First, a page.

|What the Hell?
||[Mar. 27th, 2008|01:23 pm]
The film review community.
This morning, in The New York Sun, there's an article about how Manhattan's Anthology Film Archives (according to its website, "the first museum devoted to film as an art form") is reviving the early movies of Albert Brooks; specifically, his first two features, the wonderful and exquisite Real Life and Modern Love (the former, made in 1979, an extremely prescient commentary on reality television, the latter taking neurotic romanticism to heights even Woody Allen never dreamed possible).
Regarding Brooks's third movie, Lost in America, the article mentions that "'there's no print of it anywhere.' An apparent victim of indifference on the part of Warner Bros., which owns the film, Lost in America has fallen through the distribution cracks."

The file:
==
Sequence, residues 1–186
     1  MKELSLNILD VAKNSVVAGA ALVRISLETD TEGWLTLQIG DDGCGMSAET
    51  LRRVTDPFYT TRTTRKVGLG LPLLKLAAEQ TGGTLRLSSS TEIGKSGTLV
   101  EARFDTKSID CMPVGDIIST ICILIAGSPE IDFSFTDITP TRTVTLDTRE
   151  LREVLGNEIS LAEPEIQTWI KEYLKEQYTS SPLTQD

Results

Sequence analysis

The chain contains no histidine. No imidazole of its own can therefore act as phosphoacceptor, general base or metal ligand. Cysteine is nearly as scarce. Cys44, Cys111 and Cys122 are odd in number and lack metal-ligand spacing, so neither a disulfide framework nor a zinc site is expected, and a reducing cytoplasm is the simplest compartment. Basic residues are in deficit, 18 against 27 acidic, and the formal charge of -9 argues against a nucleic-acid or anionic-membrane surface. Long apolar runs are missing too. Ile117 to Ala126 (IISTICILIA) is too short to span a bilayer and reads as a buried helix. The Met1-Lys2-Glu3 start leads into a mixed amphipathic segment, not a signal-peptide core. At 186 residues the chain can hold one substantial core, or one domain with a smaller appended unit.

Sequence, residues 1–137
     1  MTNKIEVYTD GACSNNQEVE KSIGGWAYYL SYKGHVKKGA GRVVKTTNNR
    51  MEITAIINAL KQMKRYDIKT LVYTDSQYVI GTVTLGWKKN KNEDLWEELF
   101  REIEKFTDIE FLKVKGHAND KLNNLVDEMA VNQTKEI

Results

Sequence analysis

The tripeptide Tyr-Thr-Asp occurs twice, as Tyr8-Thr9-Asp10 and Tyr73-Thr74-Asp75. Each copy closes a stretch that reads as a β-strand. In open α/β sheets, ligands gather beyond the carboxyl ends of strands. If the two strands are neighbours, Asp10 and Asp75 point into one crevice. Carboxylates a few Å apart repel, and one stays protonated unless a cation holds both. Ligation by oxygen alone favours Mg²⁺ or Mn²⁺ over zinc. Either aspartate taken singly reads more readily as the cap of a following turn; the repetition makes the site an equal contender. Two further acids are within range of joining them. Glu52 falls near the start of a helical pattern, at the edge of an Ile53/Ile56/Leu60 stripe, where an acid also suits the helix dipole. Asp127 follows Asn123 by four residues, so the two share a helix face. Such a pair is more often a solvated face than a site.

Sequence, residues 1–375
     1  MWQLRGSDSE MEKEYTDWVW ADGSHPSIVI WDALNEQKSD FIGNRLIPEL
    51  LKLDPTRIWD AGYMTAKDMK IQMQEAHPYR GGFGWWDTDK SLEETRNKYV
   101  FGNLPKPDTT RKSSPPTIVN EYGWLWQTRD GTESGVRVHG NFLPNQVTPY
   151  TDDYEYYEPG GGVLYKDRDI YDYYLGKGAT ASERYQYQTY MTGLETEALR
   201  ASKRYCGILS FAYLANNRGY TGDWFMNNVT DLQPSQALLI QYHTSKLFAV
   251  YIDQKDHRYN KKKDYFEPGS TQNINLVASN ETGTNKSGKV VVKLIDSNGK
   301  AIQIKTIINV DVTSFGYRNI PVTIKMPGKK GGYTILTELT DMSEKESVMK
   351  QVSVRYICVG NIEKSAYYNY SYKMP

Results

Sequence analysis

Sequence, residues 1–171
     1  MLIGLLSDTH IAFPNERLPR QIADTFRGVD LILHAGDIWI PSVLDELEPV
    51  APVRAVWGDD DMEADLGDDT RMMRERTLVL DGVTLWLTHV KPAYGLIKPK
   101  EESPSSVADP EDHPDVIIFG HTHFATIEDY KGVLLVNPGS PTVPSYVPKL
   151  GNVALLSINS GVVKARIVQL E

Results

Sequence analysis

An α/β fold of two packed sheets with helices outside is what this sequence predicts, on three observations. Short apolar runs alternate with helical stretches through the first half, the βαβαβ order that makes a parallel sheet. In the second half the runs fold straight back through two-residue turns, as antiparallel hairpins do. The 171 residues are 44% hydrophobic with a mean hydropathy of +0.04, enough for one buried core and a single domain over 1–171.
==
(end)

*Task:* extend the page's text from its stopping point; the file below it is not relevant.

No print of it anywhere?! It's not unusual in this day of film restoration awareness (thanks to the efforts of directors like Martin Scorsese) to hear how 90 percent of American silent movies have been lost, as well as half of all the films made in the U.S. before 1950. But we're talking about a movie that was made in 1985, for Chrissake! As well, Lost in America took in more at the box office than Brooks's first two films combined. And nobody thought to preserve a single print?
I don't know about you, but that really grinds my gears.